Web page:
Even trivial changes to a trivial board game can shift the course of history.
One of the charms of Monopoly is its insistent iconography: the quaint little board, with its quaint little properties and its quaint little playing pieces, all overseen by the quaint little mascot that is Rich Uncle Pennybags. To play Monopoly—even if you’re playing one of those newfangled versions—is in some sense to step back in time: specifically, to the America of 1934, when the game was first mass-marketed.
Today brings news, however, that the board game will be making some changes to some of its most recognizable anachronisms: the iconic playing pieces. One of the cast-metal widgets that track players’ moves across the board—the Scottie dog, the race horse, the hat, the wheelbarrow, the shoe, the battleship, the thimble—will soon be replaced. And it will be replaced, per Hasbro, by one of these candidates: a cat, a diamond ring, a guitar, a helicopter, or a mustachioed robot. (If we ever end up playing a future version of Monopoly together, by the way: Dibs on the robot.) [Editor’s note: Request denied.]
While this seems a minor change as far as the game itself is concerned—Thimble? Guitar? What’s the difference?—it’s worth remembering that even the smallest changes in the even the smallest amusements can, over the capricious course of history, have significant consequences.
In Monopoly’s case, those consequences came during World War II.
During the war, large numbers of British airmen were felled over enemy airspace and then held as prisoners behind enemy lines. Germany, however—in part as a nod to the Geneva Convention—allowed humanitarian groups like the Red Cross to distribute care packages to those prisoners. And one of the categories of items that could be included in those packages was “games and pastimes.” So the Allies took military advantage of this human kindness: Posing as “charities” (one of the better fake names: the Licensed Victuallers Prisoners Relief Fund), they sent packages to their POWs that featured clandestine escape kits, which included tools like compasses, metal files, money, and, most importantly, maps.
And: They disguised those kits as Monopoly games. The compasses and files? Both disguised as playing pieces. The money, in the form of French, German, and Italian bank notes? Hidden below the Monopoly money. The maps? Concealed within the board itself. “The game was too innocent to raise suspicion,” ABC News’s Ki Mae Heussner put it— but “it was the ideal size for a top-secret escape kit.”
To develop that kit, MI9, the British secret-service unit responsible for escape and evasion, conspired with John Waddington, Ltd., the U.K. manufacturer of Monopoly. “It was ingenious,” Philip Orbanes, the author of several books on Monopoly, told Heussner. “The Monopoly box was big enough to not only hold the game but hide everything else they needed to get to POWs.”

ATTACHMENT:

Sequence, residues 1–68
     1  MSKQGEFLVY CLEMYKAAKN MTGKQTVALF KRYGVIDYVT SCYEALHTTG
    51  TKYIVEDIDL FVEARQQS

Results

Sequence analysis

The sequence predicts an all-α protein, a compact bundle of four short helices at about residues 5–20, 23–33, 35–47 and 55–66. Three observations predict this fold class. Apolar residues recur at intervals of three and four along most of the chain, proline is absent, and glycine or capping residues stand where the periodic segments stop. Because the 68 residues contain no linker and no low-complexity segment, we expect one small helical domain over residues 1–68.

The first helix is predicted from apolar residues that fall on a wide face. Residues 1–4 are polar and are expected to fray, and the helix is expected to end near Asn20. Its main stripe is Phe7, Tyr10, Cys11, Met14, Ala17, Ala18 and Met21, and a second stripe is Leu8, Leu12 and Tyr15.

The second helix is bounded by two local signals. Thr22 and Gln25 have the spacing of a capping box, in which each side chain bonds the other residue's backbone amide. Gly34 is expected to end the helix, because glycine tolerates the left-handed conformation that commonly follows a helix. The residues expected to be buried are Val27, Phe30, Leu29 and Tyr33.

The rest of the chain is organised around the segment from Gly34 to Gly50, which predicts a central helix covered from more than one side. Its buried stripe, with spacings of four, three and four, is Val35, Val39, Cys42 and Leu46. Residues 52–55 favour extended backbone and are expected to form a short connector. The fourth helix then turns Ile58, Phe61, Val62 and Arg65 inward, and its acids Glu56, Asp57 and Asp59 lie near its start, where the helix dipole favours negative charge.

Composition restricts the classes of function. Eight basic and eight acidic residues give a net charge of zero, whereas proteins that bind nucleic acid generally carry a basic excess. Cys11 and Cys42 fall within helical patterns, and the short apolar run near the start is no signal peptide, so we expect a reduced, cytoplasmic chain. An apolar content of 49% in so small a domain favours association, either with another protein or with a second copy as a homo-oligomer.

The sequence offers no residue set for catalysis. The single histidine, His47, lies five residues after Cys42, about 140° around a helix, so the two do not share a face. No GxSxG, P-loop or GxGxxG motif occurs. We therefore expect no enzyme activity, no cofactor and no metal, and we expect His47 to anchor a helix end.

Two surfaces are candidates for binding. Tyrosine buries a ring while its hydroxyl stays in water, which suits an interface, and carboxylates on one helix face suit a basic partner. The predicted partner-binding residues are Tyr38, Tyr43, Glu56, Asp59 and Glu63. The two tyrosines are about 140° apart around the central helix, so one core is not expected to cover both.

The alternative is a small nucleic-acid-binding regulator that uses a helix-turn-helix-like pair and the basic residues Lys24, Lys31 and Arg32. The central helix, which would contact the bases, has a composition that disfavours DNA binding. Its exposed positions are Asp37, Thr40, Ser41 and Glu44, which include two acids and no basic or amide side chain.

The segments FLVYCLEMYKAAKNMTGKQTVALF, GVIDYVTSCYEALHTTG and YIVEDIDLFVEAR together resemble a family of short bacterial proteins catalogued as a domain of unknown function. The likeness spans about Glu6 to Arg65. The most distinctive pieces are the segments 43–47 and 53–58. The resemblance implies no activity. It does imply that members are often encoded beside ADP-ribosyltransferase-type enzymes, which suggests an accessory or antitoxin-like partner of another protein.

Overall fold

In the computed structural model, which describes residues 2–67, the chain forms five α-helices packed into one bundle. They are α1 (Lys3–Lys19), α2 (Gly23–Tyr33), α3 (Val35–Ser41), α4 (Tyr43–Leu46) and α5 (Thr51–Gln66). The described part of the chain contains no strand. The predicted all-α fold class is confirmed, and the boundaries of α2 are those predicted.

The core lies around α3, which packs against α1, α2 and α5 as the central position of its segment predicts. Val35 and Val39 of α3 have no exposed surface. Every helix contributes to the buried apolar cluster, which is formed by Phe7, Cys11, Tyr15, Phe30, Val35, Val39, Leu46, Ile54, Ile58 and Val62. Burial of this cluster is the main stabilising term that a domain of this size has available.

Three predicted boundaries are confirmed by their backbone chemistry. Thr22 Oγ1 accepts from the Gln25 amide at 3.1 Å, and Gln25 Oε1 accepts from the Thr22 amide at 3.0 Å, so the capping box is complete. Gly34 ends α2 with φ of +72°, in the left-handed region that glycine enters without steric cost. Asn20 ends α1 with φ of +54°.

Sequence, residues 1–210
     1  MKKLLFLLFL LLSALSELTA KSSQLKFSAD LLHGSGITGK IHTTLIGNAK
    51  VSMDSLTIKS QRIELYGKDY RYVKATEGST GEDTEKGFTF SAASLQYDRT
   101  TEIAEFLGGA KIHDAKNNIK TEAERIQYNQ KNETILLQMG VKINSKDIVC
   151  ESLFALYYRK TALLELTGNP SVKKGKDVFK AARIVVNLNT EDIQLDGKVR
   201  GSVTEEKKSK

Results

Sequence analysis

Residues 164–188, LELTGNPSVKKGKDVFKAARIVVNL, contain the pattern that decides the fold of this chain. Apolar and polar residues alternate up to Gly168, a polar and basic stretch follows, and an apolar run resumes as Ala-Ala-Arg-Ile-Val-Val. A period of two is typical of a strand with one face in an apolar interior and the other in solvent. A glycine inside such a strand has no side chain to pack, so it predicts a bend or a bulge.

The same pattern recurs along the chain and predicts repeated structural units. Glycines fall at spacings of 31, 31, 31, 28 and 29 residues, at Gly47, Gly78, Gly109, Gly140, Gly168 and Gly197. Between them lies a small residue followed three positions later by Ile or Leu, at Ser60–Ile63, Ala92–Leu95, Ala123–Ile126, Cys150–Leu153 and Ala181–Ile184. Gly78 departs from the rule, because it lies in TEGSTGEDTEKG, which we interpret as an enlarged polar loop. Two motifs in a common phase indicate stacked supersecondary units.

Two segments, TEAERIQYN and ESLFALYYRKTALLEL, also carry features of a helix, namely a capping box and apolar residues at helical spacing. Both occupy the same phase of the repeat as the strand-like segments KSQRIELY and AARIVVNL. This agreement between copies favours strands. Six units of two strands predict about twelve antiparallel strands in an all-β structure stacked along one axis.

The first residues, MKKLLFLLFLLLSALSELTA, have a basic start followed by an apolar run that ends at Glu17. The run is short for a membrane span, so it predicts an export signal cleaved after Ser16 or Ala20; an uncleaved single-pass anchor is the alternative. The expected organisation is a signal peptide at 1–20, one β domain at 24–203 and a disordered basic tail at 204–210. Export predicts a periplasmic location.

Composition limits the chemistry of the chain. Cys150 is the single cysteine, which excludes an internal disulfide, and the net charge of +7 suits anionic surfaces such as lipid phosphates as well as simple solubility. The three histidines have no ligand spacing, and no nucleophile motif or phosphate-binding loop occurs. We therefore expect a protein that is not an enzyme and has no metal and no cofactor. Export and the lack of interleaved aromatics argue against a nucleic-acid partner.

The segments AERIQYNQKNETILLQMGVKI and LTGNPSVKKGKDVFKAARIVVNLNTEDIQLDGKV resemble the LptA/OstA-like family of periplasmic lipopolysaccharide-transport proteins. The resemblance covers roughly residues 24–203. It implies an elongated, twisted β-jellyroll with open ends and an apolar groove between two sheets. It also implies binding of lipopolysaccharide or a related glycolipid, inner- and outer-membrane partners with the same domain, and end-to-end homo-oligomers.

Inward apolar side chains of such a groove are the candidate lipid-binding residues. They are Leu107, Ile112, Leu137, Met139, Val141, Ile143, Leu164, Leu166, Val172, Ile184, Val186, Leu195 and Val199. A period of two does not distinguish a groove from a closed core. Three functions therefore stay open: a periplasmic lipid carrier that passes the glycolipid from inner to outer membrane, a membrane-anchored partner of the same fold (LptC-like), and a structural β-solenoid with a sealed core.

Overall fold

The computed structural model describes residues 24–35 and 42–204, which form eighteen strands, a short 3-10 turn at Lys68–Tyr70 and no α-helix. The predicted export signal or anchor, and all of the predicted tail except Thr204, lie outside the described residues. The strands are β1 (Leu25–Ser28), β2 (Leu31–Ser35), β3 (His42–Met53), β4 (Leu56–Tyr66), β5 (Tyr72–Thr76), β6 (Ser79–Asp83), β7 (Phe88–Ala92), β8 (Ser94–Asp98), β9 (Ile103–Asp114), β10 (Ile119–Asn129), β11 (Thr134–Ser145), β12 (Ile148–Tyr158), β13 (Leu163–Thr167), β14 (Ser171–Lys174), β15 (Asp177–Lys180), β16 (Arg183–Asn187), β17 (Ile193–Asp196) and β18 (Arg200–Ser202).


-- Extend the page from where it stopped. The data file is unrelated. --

But … why Monopoly, exactly? How did the consummately American board game come to the service of British servicemen? Not because MI9 had a special affinity for American real estate—or even for Scottie dogs—but rather because Waddington had mastered a technology that no other manufacturers had: printing on silk. This was crucial: The Allies needed to be able to print their clandestine maps on a material that would be hardier than paper—material that wouldn’t tear or dissolve in water and that would be light enough for the user to pack into a boot or cigarette packet at a moment’s notice. (Silk maps, which have long been in use among militaries, have the added advantage that they don’t make noise as they’re being held or stored—an important attribute when you’re a prisoner in search of escape.) Waddington, as it happened, was already using silk-printing technology to create silk prints for things like theater programs.
And Waddington was also, as it happened, the licensee for Monopoly in the U.K.
So, through a little bit of coincidence and a little bit of cunning, a game-based escape plan was hatched. Before departing for missions, Royal Air Force airmen were told that, if they happened to be captured, they should look for Monopoly games in the “care packages” sent to them—and for the escape maps and kits that were hidden within them. The “special edition” Monopoly sets would be designated with a red dot on the Free Parking space—something that would look to anyone who didn’t know about the trick like a standard-issue printing error … but which might, to a captured soldier, look something a little more like freedom.
Once they obtained the “playing pieces” within them, the soldiers were instructed to destroy the games—in order to keep the ruse a secret from the Axis. And the trick, though unfortunate for those of us who would love to see its artifacts today, worked. British historians estimate that the MacGyvered Monopoly boards could have helped thousands of captured soldiers escape from their prison camps. Talk about, yes, getting out of jail free.